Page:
Somewhere along the line, several degrees of empathy fell off my moral compass
Hilary Fannin: At a push, I could be a tolerable dog-walker, but that’s about as far as my altruism extends
I feel, in these moments, utterly grateful. I could have been anywhere, as my mother would say
I was gadding about in whispered sunshine recently, watching green-eyed gulls battle like tigers over the eviscerated remains of a dull cod, when I spotted a sunny table set against a whitewashed wall. I sat down and drank a cup of coffee, shared a crumbling pastry with a cavalier wagtail, closed my eyes and lifted my face to the sun.
I feel, in these moments, utterly grateful. I could have been anywhere, as my mother would say; the stillness, the heat, the raucous gulls, the faint smell of diesel from the moored trawlers nearby.
A conversation taking place between two young women sitting at a nearby table, whom I’d noticed when I was carrying out my coffee from the small cafe, drifted into my shell-likes, their voices shattering the fulgent peace.
I’d be a potentially incendiary marriage guidance counsellor, a dangerous holistic masseuse. I could be a tolerable dog-walker, but that’s about as far as my altruism extends.
“Seriously, you look amazing. Your hair is amazing. Your hair is absolutely amazing!”
“Oh my god, it’s the conditioner, I swear, not a word of a lie. I swear it is amazing conditioner!”
“I know! Oh my God, I told you it was amazing, it’s like totally amazing conditioner!”
Now, as we all know, the opportunity to sit quietly in the sun on this oft-moist island is not one that presents itself every day. Furthermore, I’m not the most tolerant or forgiving person in the universe. I’d make a lousy nurse, say. I’d be a potentially incendiary marriage guidance counsellor, a dangerous holistic masseuse. At a push, I could be a tolerable dog-walker, but that’s about as far as my altruism extends.
And, somewhere along the line, several degrees of empathy must have fallen off my moral compass. This catastrophic loss, possibly taking place during Ireland’s boom years, when monied young women in Lycra, with glossy hair and tightened abs, sitting around outside waterside cafes loudly discussing the merits and demerits of a fragranced hair masque that works like total-oh-my-god magic on brittle, lacklustre hair, was certainly nothing to write home about.
One might be forgiven for thinking that era had passed, had evaporated like the value of a pyritic apartment perched on the edge of a motorway. But no, it seems those those halcyon days were simply hibernating in their Egyptian cotton sheets.
The women’s conversation continued. I closed my eyes tighter, tried to focus on the feuding gulls. Their words drifted across to my table like a slow fog.
They talked about their dogs: “Oh my God, he’s like so cute. As soon as he sees me putting on my Rockports, he goes totally crazy.”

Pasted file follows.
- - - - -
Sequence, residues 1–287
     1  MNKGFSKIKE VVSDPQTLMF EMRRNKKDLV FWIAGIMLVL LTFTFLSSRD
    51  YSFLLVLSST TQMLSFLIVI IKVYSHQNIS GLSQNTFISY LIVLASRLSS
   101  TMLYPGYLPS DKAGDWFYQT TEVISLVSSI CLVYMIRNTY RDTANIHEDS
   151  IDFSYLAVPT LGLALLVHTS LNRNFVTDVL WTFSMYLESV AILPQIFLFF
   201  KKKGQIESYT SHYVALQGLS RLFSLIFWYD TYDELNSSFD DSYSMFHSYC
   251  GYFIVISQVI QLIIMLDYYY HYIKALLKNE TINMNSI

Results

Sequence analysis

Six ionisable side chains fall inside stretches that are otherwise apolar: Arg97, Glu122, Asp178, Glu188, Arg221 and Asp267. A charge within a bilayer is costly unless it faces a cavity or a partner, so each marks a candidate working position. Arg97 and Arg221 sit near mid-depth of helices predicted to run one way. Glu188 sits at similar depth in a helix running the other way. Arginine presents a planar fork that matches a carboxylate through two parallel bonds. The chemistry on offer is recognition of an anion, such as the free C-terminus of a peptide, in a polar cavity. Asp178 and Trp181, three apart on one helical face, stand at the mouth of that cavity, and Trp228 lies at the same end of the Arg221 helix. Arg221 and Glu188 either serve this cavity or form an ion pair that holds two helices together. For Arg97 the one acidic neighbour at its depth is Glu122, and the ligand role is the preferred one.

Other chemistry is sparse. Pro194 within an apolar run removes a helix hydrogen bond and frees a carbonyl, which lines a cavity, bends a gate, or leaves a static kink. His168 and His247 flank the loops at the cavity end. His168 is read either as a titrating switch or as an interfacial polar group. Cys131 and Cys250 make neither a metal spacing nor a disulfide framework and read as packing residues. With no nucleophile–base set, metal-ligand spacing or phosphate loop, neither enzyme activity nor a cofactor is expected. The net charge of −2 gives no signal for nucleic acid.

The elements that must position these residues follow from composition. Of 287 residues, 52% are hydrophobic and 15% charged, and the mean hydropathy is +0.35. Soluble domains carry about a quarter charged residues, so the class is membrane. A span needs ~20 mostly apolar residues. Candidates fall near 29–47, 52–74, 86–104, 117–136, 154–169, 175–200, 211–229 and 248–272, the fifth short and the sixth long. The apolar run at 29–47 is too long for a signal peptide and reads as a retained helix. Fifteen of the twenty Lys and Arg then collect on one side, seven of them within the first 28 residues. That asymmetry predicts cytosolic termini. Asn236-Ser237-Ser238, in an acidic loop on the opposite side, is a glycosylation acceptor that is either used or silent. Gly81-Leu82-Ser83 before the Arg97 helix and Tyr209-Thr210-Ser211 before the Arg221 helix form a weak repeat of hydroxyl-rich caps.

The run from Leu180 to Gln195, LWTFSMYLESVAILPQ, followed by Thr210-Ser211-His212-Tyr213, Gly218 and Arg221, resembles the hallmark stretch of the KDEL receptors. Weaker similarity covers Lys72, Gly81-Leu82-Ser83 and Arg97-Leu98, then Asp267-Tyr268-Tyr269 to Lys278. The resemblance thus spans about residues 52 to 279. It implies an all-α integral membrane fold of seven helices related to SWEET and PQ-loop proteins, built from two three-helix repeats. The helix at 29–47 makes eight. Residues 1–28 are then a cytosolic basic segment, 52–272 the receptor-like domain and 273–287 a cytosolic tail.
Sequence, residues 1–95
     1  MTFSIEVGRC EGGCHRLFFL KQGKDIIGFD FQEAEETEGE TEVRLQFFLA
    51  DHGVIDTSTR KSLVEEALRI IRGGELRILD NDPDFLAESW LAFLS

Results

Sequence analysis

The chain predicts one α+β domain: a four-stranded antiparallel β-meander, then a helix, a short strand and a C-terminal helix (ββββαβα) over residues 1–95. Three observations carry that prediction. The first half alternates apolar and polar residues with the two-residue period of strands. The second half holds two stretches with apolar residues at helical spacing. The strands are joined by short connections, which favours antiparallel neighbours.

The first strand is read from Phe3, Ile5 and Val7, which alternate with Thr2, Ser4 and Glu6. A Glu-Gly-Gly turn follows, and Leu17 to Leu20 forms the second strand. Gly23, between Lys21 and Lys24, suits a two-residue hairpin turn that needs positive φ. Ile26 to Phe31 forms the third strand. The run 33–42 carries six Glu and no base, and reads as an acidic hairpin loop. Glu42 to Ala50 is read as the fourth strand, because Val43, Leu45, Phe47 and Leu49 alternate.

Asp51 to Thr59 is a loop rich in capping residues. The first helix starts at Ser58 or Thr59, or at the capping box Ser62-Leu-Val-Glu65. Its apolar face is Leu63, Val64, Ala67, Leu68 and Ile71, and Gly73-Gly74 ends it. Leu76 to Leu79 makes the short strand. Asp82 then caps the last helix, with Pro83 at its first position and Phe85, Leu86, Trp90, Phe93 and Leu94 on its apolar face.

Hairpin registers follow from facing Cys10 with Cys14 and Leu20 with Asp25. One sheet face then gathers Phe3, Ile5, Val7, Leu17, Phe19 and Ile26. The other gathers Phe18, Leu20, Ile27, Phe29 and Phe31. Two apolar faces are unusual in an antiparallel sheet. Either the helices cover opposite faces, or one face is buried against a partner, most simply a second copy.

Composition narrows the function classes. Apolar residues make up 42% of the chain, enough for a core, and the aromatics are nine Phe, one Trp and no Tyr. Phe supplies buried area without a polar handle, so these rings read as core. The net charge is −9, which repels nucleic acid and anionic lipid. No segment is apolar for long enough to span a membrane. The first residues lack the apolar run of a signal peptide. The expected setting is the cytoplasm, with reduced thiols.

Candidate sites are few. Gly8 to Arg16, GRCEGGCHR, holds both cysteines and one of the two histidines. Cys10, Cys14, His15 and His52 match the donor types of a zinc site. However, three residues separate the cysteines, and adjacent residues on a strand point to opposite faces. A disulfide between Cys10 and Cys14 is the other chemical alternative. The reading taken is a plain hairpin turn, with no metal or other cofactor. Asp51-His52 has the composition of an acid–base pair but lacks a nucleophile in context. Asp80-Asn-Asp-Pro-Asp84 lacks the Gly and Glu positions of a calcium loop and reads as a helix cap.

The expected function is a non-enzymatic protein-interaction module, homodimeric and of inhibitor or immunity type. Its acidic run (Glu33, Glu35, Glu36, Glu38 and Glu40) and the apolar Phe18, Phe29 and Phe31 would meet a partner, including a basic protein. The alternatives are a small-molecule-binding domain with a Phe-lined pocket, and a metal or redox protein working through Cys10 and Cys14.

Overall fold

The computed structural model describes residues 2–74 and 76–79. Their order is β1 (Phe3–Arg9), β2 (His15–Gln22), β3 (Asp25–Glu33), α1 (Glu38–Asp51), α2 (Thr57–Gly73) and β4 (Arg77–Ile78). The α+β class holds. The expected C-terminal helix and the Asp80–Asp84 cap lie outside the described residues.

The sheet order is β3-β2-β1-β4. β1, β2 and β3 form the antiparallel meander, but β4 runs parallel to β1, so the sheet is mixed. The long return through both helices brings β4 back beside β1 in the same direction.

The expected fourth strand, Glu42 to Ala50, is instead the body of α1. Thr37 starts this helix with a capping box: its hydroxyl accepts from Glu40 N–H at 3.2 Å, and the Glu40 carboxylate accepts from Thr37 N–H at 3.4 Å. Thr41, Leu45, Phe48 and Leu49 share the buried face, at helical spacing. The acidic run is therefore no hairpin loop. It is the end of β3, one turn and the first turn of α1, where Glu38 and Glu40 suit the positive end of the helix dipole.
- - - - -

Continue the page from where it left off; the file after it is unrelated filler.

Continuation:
They talked about their children: “Noah just adores Parmesan and rosemary popcorn, and it’s like beyond organic.”
They talked about driverless cars: “There’s like no way I’m having some robot drive me around at 20 miles an hour while I sit in the back with the hockey gear.”
They talked about their husbands: “I said there’s no point in crying to me over spilt milk, that shit belongs in the office. It is totally not my problem, that’s all I’m saying. Suck. It. Up.”
“She can alpha-mom her way from here to Whistler and back again with her skis between her teeth, but some of us don’t have the time to make our own summer berry frozen yogurts
They talked about their mothers: “I told her that ebony was totally ageing, even with a tan.”
They talked about their children again: “I told Seb that if he wanted his skateboard back he was going to have to stop popping ollies over the damn dog.”
Their husbands again: “He’s threatening to take up jiu-jitsu. I said jiu-jitsu won’t stop you receding.”
They talked about other women: “She can alpha-mom her way from here to Whistler and back again with her skis between her teeth, but some of us don’t have the time to make our own summer berry frozen yogurts and take up conversational Chinese. Some of us have responsibilities. Do you remember when she had an arse, by the way? Do you want another flat white?”
I scattered the last of the crumbs for the small tribe of wagtails at my feet, stood up, continued my aimless saunter, ignoring my own responsibilities, gadding about, drinking in the sunshine, basking in the lives of others.
I was thinking, as I continued my stroll, that these women with their Lycra plumage, their glossy feathers and busy hungry beaks, whose words I have of course embroidered, although the kernel of their conversation is true, are as integral to this city as the gulls. They circle and soar, squawk and caw, observe the world with cold-eyed caution. I realised that in some odd way I’ve missed them. I greet their reappearance with devious joy.